Australian visual artist Sue Ford built a reputation as a feminist maverick through her 23 solo exhibitions from 1964 until her death in 2009, and a major exhibition of her work is on display at the National Galley of Victoria until August 24. As a survey of her legacy, it allows a unique overview of the artist’s whole work. It is a pity she never got to see it.
As an avant-garde film-maker, photographer and visual artist, Ford was not interested in commerce – but she was keenly concerned to place women artists working in all media in the spotlight.
The exhibition mainly focuses on her largest body of work – photography – but there is an important story about her work in film that is only slightly touched on in the exhibition.
Ford’s films are of significant interest to Australian film history, particularly for her participation in feminist film collectives.
In Australia in the 1970s there was a boom of feminist film production and Sue Ford was at the forefront as an early and active member of The Feminist Film Workers (1970s-1980s), Reel Women (1979-1983) and Women’s Film Unit (1984/5).
There was enormous energy and enthusiasm within feminist film making groups for the important project of enabling women to gain access to film production, training, and giving a voice to women’s perspectives and issues.
The exhibition includes an image of key members of one of these groups, Reel Women, who are pictured working out of the boot of filmmaker Claire Jager’s old ute.
Also in the retrospective is one of the films from the collective, Ford’s 1972 short film Woman in a House. This was one of the most successful films of the Reel Women collective in terms of popular distribution. Woman in a House is an experimental film. It was made with the first of three grants Ford received from The Experimental Film and Television Fund (EFTF), administered at that time by the Australian Film Institute (AFI).
This fund was important in supporting those in the avant-garde and also, many film makers who became important to the revival of Australian cinema in the 1970s, including Bruce Beresford, Peter Weir, Jan Chapman and Philip Noyce.
Woman in a House explores the female condition through its portrayal of the lot of a housewife. It recalls the experience of enclosure and domestic space, a claustrophobic and wretched view of domesticity. The film speaks of isolation, domestic violence, and debunks the suburban dream through confronting the audience with its reality.
In 2008 Sue Ford herself told me the interesting story behind the grant for this film, in relation to the arts in Australia.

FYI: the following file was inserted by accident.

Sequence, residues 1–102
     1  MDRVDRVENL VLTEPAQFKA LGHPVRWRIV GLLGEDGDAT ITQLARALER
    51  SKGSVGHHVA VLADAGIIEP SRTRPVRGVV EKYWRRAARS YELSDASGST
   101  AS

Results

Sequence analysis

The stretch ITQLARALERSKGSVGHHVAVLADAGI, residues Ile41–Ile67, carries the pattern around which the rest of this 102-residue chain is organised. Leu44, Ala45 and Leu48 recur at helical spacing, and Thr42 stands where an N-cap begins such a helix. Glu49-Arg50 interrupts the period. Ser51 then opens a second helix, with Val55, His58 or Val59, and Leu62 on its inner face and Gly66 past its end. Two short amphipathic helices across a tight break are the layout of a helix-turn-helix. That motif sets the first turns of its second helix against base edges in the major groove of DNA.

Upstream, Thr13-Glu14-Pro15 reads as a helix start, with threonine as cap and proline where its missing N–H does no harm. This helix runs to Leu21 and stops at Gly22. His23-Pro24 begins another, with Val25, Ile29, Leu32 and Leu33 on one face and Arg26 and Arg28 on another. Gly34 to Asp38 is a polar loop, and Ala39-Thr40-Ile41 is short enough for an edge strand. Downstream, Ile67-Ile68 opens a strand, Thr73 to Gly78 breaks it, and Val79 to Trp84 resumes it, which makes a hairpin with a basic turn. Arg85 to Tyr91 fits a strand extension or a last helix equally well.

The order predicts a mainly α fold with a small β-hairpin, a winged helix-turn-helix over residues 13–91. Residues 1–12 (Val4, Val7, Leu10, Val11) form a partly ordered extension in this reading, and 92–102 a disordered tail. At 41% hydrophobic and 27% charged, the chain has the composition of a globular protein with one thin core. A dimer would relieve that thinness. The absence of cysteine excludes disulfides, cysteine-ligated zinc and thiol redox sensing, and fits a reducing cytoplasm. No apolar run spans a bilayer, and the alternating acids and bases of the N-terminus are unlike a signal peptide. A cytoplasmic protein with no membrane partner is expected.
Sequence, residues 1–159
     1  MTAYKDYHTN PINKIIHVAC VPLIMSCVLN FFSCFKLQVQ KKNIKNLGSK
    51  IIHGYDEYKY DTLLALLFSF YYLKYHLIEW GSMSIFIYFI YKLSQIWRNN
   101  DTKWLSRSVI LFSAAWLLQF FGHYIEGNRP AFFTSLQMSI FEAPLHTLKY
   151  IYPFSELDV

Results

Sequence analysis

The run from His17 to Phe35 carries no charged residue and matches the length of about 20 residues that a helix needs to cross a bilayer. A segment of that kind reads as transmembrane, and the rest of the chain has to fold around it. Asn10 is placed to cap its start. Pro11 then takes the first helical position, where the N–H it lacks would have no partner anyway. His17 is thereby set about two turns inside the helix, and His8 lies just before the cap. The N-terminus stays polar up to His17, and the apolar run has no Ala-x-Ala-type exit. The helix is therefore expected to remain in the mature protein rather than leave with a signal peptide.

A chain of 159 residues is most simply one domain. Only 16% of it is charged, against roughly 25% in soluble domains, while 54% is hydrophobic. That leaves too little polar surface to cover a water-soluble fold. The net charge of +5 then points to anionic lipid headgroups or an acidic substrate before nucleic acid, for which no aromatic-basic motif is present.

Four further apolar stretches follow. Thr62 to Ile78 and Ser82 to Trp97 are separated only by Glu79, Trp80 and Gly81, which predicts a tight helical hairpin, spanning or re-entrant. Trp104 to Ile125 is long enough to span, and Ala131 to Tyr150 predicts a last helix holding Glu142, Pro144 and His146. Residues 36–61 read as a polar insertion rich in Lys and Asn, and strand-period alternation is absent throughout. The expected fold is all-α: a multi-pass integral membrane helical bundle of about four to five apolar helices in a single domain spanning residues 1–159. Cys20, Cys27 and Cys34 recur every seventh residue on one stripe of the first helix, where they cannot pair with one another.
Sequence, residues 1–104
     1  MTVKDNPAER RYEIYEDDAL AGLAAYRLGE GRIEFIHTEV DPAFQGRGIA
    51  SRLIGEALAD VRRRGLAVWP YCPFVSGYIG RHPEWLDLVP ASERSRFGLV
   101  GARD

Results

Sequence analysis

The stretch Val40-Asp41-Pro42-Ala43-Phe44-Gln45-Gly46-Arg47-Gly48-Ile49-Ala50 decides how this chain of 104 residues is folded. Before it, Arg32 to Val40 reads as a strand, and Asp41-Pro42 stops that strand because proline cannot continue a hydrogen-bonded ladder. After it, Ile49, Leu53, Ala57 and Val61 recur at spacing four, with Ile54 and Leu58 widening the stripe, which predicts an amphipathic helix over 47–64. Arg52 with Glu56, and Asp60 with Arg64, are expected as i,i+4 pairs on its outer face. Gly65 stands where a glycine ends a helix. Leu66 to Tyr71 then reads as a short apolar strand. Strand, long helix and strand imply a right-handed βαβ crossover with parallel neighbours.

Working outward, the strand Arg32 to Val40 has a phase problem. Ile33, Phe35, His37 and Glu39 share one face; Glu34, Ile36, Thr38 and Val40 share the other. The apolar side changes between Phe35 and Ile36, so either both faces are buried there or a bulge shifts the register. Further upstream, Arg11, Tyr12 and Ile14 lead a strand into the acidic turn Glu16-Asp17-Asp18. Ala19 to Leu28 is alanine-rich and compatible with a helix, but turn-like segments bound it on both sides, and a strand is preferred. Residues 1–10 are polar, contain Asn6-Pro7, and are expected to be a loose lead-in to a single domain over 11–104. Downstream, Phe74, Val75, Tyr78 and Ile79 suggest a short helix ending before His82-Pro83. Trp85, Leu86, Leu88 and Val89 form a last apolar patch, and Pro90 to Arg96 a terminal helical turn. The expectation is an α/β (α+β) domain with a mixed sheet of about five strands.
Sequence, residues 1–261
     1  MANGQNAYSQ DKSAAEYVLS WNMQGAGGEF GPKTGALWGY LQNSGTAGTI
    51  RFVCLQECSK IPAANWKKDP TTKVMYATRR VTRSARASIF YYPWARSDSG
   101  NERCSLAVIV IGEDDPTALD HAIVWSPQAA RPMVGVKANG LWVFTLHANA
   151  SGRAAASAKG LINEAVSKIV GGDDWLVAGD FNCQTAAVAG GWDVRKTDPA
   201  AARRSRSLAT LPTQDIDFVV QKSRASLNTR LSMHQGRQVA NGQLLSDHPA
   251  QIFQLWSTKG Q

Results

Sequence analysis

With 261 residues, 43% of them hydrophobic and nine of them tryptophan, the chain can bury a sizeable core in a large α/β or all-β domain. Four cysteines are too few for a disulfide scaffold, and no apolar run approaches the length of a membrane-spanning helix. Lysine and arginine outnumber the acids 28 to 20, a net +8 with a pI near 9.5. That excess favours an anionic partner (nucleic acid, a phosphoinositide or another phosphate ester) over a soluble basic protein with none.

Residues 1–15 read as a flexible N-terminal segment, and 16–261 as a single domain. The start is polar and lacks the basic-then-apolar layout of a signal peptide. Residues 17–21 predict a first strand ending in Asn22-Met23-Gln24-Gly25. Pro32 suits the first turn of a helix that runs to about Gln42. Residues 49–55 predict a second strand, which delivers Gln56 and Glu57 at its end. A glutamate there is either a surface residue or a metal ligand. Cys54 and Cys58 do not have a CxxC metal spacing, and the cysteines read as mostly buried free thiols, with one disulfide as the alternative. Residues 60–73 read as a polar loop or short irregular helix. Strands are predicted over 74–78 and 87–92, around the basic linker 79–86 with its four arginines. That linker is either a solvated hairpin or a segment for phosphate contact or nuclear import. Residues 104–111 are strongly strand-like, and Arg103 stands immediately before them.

In the early 1970s the Australia Council was funding the arts, and artists, and they received grants paid directly to them in lump sums. However, filmmakers received monies via the EFTF. According to Ford, in order to collect her grant, she had to go down to the AFI offices in Carlton and get a “pink slip”.
This was a kind of purchase order used to buy stock, or have it developed. So where other artists might have been able to fund some of their living expenses from arts grants in 1972, filmmakers weren’t able to do so.
There are only six film works showcased in the retrospective, which does not do her filmmaking legacy justice. But the exhibition illustrates well the themes explored throughout her films, photography and multimedia. There is a wonderful catalogue containing the work and several essays, including one from Marcia Langton which notes that in “the 1980s Ford’s ethical quest led her to Aboriginal people”.
Ford’s work crossed genres, including portraiture, documentary and landscapes. Her films clearly reveal and emphasise her humanist and ethnographic preoccupations – see, for example, Mind of Tibet (2003) – particularly through an interest in the human form, especially the face, see Faces (1976). Signage within the exhibition quotes Ford:
Everybody’s face tells you about the society they live in, and what they’re feeling inside … faces are maps.
Ford’s “maps” have a lot to tell us about gender and feminism. Her story reveals a history of women’s struggles and of representing their issues. This insight into feminism in the past is relevant and important for new generations, to remind them that these battles were staunchly fought—and not yet won.
Sue Ford is on display at The Ian Potter Centre at the National Gallery of Victoria until August 24. Details here.